4 For water, 0.00 kg / ms, water 998 kg / m water 3 Solution: For pipe flow, the Reynold s number is defined as Re = ρv μ V.05V 0.05 Recritical 300 air or, V m / s air critical V 998V 0.05 Recritical 300 water 0.00 or, V m / s water critical Fully developed pipe flow: Usually in pipe flow design, you take fully developed pipe flow. A fully developed pipe flow is the one in which the effects of viscosity are fully present & the pipe entrance effects are not taken into account. Consider an incompressible pipe flow Entrance Pressure drop Pressure x
5 et us assume that the pipe is connected to an inviscid flow stream. Therefore, there will be no effect of viscosity at the entrance. The velocity profile will look like the first portion. The boundary layer starts growing with respect to pipe direction & merges at length, where the full effects of viscosity is witnessed in velocity profile. From the length onwards the pipe will be having fully developed viscous flow. From dimensional analysis done by other scientists and experts, it is observed that the entrance length is a function of the Reynold s number. In laminar flow: 0.06Re For turbulent flow:.6 Re 4 et us the pipe is connected to an inviscid flow stream. Therefore, there will be no effect of viscosity at the entrance. The velocity profile will look like the first portion. The boundary layer starts growing with respect to pipe direction & merges at length, where the full effects of viscosity is witnessed in velocity profile. From the length onwards the pipe will be having fully developed viscous flow. From dimensional analysis, it is observed that the entrance length is a function of the Reynold s number. In laminar flow: 0.06Re For turbulent flow:.6 Re 4 Example (Adopted from FM White s Fluid Mechanics) A cm diameter pipe is 0 m long and delivers water at m 3 /s at 0 0 C. What fraction of this pipe is taken as entrance region? Solution: Given Q = m 3 /s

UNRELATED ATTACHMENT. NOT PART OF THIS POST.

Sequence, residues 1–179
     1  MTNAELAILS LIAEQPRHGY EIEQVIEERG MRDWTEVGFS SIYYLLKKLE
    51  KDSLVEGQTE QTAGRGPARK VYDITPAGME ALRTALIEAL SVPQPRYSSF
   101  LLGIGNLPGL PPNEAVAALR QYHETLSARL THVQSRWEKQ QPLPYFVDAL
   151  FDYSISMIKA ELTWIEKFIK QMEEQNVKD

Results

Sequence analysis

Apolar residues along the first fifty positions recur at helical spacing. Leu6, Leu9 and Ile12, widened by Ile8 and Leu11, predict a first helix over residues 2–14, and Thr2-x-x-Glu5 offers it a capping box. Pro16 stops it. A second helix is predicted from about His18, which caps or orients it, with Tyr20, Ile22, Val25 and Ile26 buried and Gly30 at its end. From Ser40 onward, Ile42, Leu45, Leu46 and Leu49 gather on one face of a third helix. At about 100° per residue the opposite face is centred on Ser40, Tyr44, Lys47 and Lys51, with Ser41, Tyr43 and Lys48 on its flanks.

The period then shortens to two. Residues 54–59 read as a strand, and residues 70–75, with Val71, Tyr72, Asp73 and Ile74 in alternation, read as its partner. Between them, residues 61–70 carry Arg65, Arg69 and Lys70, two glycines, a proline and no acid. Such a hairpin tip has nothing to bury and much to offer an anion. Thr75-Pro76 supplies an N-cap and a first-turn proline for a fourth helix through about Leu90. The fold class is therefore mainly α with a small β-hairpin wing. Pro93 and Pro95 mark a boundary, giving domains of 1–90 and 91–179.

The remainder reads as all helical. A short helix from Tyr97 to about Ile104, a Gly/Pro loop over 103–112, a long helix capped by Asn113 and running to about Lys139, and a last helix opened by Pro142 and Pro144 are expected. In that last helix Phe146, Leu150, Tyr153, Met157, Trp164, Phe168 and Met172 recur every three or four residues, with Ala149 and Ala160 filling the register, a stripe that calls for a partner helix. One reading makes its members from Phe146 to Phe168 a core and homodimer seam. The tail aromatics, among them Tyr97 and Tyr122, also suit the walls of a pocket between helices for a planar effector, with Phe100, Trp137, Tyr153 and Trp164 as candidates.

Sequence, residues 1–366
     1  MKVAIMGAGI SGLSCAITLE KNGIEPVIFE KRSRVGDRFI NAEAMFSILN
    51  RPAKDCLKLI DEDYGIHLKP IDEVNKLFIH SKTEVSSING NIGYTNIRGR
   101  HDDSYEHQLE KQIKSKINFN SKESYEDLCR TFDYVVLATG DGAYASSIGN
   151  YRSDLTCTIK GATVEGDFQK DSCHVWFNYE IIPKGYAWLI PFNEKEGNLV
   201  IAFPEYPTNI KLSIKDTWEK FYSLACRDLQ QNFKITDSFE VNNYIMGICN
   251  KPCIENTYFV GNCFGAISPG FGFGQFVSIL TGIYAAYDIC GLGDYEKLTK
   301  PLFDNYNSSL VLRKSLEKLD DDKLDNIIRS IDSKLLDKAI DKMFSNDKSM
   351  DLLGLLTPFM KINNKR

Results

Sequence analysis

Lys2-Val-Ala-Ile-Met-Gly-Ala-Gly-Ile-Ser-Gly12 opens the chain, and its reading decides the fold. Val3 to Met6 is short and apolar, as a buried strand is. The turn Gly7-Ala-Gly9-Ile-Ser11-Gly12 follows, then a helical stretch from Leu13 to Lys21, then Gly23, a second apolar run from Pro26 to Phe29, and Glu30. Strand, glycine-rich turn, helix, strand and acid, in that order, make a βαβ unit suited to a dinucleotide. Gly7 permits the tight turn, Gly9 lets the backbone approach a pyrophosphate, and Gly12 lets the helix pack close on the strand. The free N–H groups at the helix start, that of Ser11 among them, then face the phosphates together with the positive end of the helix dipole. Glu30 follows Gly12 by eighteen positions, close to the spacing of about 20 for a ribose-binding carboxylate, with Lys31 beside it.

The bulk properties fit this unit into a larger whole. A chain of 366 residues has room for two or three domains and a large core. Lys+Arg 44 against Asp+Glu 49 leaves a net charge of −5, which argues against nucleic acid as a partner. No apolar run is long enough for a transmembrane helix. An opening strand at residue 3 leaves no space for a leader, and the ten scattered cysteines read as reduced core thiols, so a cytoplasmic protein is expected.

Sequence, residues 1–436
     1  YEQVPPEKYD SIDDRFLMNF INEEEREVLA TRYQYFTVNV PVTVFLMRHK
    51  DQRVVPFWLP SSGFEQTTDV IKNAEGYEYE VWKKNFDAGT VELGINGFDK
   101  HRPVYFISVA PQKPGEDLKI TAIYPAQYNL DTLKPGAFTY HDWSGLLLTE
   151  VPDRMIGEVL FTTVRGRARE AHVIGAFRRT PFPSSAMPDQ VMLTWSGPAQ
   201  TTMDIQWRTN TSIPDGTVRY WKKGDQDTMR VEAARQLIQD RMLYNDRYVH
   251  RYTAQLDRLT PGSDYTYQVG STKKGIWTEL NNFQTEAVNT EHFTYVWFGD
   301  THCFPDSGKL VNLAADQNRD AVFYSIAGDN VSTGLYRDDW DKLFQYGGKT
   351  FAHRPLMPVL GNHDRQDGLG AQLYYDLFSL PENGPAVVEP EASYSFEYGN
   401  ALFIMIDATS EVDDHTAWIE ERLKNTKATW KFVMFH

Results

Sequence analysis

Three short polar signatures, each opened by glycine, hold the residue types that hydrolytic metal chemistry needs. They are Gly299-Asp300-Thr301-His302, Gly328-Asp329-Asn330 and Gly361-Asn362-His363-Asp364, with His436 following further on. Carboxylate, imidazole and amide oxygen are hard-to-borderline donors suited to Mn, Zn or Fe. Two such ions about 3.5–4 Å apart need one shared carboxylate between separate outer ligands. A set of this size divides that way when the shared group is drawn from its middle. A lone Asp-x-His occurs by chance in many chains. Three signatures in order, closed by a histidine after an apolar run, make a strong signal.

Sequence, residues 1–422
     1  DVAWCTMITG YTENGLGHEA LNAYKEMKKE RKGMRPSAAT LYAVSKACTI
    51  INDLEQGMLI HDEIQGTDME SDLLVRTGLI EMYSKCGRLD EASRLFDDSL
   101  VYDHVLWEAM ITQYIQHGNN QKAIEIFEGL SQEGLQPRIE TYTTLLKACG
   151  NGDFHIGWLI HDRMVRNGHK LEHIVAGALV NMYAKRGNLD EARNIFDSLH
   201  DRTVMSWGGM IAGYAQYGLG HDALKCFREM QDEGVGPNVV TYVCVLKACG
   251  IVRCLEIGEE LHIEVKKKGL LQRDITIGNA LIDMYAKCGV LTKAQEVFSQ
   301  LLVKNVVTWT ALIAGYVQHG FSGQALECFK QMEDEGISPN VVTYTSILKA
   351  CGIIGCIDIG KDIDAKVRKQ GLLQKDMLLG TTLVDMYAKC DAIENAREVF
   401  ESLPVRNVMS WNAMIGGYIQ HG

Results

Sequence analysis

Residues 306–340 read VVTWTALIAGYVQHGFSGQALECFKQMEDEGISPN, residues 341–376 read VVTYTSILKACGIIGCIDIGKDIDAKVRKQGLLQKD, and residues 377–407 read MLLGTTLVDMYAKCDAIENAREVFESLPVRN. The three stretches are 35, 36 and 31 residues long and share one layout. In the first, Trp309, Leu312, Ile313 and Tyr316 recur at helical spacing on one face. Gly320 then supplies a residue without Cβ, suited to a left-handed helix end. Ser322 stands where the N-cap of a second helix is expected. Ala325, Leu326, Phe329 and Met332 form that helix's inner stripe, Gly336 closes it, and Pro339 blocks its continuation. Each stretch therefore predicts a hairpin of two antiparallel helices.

6 V avg = Q A = π =.546 m/s 4 (0.0) For water at 0 0 C, ρ = 998kg m 3 and μ = 0.00kg/ms R e = ρv = = 5080 μ 0.00 Hence the pipe is turbulent. Now.6R e 4 =.6 (5080) = 0.48 m = m You can approximate fully developed pipe flow for this pipe throughout. Head loss Friction Factor In various pipe flow problems, we need to analyse the head loss (i.e. the energy head loss). For pipe flow analyses, let us again use the control volume. The flow is incompressible and steady (assumed). r=r τw Z x z Φ